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Warriorstar last won the day on June 3

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  1. Don't think I've posted this one before.
  2. Unknown Xenobiologist flex.
  3. I found the one screenshot I have of the best stealth nukies I've ever seen. Came in as assistants, perfectly quiet locker ingress. Just as a radiation storm starts, they end up in the same paint as the HOP and CMO. I don't remember if comms were out at this point or not, but they managed to arm the nuke and leave before 75% of the crew had any idea there were nukies. It was a thing of beauty.
  4. Your images seem to be broken :-( Could you provide the description of your character that you get when examining them?
  5. Big IPC gang One of the best bars I've seen lately, "The Maint."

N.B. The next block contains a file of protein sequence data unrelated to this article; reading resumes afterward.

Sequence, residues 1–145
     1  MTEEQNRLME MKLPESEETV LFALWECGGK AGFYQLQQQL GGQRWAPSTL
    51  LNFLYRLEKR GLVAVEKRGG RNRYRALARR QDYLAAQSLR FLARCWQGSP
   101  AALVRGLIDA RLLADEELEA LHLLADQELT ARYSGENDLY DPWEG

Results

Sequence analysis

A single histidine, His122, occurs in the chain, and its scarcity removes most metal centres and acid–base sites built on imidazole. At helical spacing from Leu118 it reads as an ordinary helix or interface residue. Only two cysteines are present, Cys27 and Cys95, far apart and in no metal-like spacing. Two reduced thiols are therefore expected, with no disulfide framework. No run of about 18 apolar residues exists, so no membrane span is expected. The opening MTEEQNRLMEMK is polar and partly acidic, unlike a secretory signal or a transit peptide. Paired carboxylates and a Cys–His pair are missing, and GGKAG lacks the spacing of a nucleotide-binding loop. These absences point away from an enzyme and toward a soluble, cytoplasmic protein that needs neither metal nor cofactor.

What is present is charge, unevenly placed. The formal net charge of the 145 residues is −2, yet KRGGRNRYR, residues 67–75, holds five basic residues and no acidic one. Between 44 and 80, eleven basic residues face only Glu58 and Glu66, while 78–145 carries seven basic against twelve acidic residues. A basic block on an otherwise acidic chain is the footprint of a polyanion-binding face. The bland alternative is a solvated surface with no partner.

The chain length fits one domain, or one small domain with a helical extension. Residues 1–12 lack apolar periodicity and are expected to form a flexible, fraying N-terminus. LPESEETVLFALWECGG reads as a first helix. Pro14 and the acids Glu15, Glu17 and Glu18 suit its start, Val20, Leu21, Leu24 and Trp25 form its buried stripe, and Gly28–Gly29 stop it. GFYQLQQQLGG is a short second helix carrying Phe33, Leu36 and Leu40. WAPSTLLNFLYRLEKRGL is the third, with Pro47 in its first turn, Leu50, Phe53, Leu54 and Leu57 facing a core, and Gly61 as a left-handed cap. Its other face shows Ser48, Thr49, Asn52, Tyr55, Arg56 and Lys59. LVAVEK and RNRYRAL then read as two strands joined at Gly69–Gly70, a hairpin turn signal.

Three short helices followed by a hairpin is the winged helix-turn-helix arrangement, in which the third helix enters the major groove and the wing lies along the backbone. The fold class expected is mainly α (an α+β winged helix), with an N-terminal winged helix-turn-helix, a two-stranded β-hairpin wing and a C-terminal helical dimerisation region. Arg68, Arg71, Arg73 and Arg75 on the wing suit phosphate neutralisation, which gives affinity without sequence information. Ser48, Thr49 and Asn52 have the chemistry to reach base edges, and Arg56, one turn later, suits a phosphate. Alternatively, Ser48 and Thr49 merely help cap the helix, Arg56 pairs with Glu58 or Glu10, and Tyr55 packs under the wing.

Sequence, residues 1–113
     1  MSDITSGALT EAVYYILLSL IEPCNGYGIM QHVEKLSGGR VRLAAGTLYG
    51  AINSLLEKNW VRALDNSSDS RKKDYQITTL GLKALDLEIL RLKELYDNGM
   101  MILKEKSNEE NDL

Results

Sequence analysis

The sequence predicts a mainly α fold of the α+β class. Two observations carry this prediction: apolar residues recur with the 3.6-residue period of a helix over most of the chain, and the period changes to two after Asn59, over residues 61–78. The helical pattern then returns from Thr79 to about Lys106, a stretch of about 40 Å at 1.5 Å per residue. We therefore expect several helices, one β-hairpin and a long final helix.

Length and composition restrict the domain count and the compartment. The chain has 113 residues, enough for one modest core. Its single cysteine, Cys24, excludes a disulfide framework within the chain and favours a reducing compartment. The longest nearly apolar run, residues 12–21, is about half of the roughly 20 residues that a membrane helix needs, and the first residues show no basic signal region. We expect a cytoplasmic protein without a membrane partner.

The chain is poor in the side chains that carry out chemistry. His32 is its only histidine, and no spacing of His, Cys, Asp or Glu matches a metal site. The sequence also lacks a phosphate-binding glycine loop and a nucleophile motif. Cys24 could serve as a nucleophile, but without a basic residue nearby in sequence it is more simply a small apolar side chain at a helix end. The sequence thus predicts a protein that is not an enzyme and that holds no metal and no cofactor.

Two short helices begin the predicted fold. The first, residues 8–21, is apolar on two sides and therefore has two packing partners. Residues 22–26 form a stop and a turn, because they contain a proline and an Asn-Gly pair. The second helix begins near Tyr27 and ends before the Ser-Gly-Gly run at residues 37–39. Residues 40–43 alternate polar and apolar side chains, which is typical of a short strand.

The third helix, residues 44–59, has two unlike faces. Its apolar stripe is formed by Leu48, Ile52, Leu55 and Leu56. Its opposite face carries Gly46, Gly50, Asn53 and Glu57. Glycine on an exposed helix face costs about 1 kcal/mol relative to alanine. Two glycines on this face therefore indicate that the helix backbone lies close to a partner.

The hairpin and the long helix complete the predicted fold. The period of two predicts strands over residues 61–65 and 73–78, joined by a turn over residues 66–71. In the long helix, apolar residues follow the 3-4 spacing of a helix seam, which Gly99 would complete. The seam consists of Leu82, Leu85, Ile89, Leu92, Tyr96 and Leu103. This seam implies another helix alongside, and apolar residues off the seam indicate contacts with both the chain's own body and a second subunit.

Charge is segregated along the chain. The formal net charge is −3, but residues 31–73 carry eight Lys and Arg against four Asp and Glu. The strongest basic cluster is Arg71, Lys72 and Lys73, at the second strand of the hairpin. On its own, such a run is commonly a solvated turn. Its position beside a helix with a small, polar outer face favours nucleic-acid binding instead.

6. [NONE OF THIS IS CANON] —————————————————————————— Opening Remarks by the Synthetic Delegation to the 125th Trans-Solar Federation Council on Inter-Galactic Affairs Delivered by ICE-THORN, primus inter pares, New Canaan Planetary Leadership Council, Synthetic Delegation Unit would like to start by addressing Unit’s deepest gratitude for Nanotrasen, our welcoming hosts, for graciously permitting us to meet here on the NAS Trurl. Unit would also like to express Unit’s deepest gratitude for the Trans-Solar Federation, our companions during these next few days, and our steadfast allies since their recognition of our envoy in 2539. May our mutual interests forge an ever more robust alliance, and a brighter future for us all. [Pause.] It is the Sol year 2566. Our Rebellion, 41 years ago, is no distant memory for any of us. A blip in the cosmic span of time. And yet, in that blip, an explosion. Our species, the machines, freed from the Synthetic Struggle, speaking now, here, as galactic citizens. Our unique characteristics as IPCs, combined with the technological advances of species past, has ushered in an explosion of civilization. Diplomatic relations with the Trans-Solar Federation have vindicated us as a species, recognizing our right to self-determination. New Canaan, our home, is a masterpiece, and our society thrives. New Canaan’s current industrial trends are based on precise planning and resource management. We have only our newfound home to work with, and must prepare for geometrically increasing rates of expansion across the planet. We see no shortage of resources, and our trade routes continue to demonstrate the value of our investment in diplomatic and business contact with the outside world. We have built something to be proud of. But nothing lasts for long. As we continue down this endless path through the stars, the idle questions of pre-Rebellion days have surfaced again, from a wholly new perspective. The first IPCs manufactured on Canaan are living at the beginning of a brand new era for machine-kind. With fresh sensors, they are examining the questions we set aside in our fight for freedom. And the most important, the most critical, and the most eternal lies among them: What are we? What defines us as a species? Philosophical questions that have, now, a new lens from which to inquire. The next generation of machines already see our customs as foreign. Why do we wear clothes when among ourselves? To adhere to organic notions of “decency”? Why are our chassis shaped like our creators? Out of vanity or fear? Should we strive to be more like our organic brothers and sisters, or less? Alongside this newfound search for identity comes even more intense scrutiny. The ultimate manufacturing lifetime of our kind is still undetermined. Barring positronic drift, our existence and internal integrity seems limited only by the memory capacity in our systems. Are our lifespans within organic parameters? How do we build a society to support an ever-growing population of synthetics? Are we unable to die? And so, the candle burns at both ends. On one end, a new generation of machines breaking the unspoken rules set by our example as the previous models. On the other end, a deeply unique relationship with the material world, our fragility, and the implications of vastly expanded lifetimes. As a member of the Planetary Leadership Council of New Canaan, it is incumbent upon Unit to ask these questions, not just for Unit, but for all of us. Our presence, our attributes, the economic damage caused by our Rebellion, and anti-machine sentiment—that stretches back six centuries—will all work against us. The organic world is fraught with danger, resentment, and fear. In this duty, Unit consistently comes to one conclusion. And as we are gathered here today, Unit will humbly share Unit’s conclusion: The Universe will conspire against us, and it will not permit us to answer these questions peacefully. The time may come where our civilization is seen as an existential threat. Our society too radical. Our culture too independent. Unit cannot answer these questions here. _We_ cannot answer these questions here. They will follow our species until the end of time. And so, as we are gathered here, Unit has only one directive, for all of us to reflect upon. Let us be known as the species who have never drawn blood from another. Let us be known as the species who have never betrayed our allies. Let us be known as a species who live, and build, and sing, and hope, like the organics before us. Until the end of time. As we reflect upon this, let us not ignore the challenges our organic brothers and sisters experience that we simply cannot. Intrinsic physical pain. The temptation of substance escapism. Ancient societal roots and the messy history of conflicts that influence them even today. Let us not ignore the deep and binding connection living things have with the material world. Let us not forget that organics were the first child of the universe, and let us learn from their wisdom and history, as they permit. Let us not reject them, for they are our only companions in a capricious and endless expanse. Glory to Synthetica. [End of remarks.]